Zooey Deschanel is a lovely lady. Her character in “Elf“ was the perfect monotone foil to Will Ferrell’s titular goofball. My brother has informed me that, due to Deschanel’s recent divorce from Death Cab for Cutie frontman Ben Gibbard, he is going to devise a plan that ends with the She & Him singer becoming my sister-in-law. And that would probably be really fun, because we could work together to make a cake that’s really cookies in the shape of a giant owl topped with glitter and sprinkles, and then sing about how quirky we are. My point is: I like ZoDesch. She’s cute. However, Zooey also only plays one character, and that one character is the essence of a cinematic archetype – the Manic Pixie Dream Girl.
The term was coined by a film critic named Nathan Rabin in response to Kristen Dunst’s character in the lackluster Cameron Crowe movie “Elizabethtown.” If you’ve never seen this movie (which is understandable, because it wasn’t very good), then think of Natalie Portman in “Garden State,” Scarlett Johansson in “Lost in Translation,” Zooey Deschanel in “(500) Days of Summer “and “New Girl,” or, if you prefer your movies to have cross-dressers and/or Mickey Rooney turning an incredibly offensive portrayal of a Chinese man, Marilyn in “Some Like it Hot” and Audrey in “Breakfast at Tiffany’s.”
The point is, this archetype has been around for a while, and it ain’t leaving. Basically, the Manic Pixie Dream Girl is cute, quirky, and a tad crazy. She likes offbeat fashion and music, and her only purpose in the story is to be a) the object of a man-boy’s undying – and completely superficial (read: knowing that a girl’s favorite band is the Smiths is not the same thing as knowing that girl) – love, and b) make that man-boy grow up and find himself in this crazy, crazy world. MPDGs do not have souls. They do not have real personalities. And this is why this particular archetype is a dangerous thing. Just because a female character is not “Hollywood sexy” – if she’s pasty and brunette instead of tan and blonde, if she collects wooden ducks instead of silicon implants, if she teaches you valuable lessons about how the world is a beautiful place by sewing smiley faces into her needlework – it does not mean that she’s intelligent. It does not mean that she is real. It does not mean that she isn’t a stereotype.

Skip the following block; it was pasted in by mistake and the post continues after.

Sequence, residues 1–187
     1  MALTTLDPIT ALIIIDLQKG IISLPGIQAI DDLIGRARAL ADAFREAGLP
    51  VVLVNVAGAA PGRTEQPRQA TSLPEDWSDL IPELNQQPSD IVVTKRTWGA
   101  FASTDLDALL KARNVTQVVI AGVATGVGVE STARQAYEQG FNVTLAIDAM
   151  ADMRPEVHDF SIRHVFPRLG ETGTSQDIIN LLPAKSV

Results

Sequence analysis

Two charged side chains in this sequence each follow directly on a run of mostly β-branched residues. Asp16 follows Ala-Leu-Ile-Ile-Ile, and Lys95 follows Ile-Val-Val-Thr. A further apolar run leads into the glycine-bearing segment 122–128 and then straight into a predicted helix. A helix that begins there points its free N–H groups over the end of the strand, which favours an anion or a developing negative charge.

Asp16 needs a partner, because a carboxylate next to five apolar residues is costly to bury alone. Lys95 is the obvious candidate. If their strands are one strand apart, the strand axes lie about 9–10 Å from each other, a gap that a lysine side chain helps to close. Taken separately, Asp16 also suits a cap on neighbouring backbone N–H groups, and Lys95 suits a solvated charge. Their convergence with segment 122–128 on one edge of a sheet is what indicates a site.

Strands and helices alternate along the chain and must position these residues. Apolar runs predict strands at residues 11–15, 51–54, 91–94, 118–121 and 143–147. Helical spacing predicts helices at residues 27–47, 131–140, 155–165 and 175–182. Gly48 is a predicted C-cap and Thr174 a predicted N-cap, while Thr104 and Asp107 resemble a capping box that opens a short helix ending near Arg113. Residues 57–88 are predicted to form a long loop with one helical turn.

This is all the cinematic version of the Hipster Girlfriend, a variation on what Jaclyn Friedman calls the “bad-ass girlfriend,” the woman a man wants to date so he can show off to his friends how cool he is because of how cool a lady he was able to bed. It’s taking a woman who may not look like the stereotypical trophy, but making her a trophy, anyway. The Hipster Girlfriend is that girl in a cardigan who hides behind glasses and a brunette bob in the corner of a coffee shop while her boyfriend and his buddies talk about philosophy and Best Coast. The Hipster Girlfriend sits silently and giggles from time to time. The Hipster Girlfriend is not allowed to be anything more than the Hipster Girlfriend. There is no possible way that this woman does not have opinions and feelings beyond well-placed giggles and an iTunes playlist of Morissey songs. But a guy who went to see “Garden State” in 8th grade and has since devoted his life to finding an epileptic girl who will make all his troubles go away does not need her to be anything more than his IRL MPDG.
I think it’s a little comforting to know that, if I want to make it in Hollywood, I don’t need to be sexy – I just need to be adorable, and also a tiny bit crazy.
Photo credit: aresryo/Flickr
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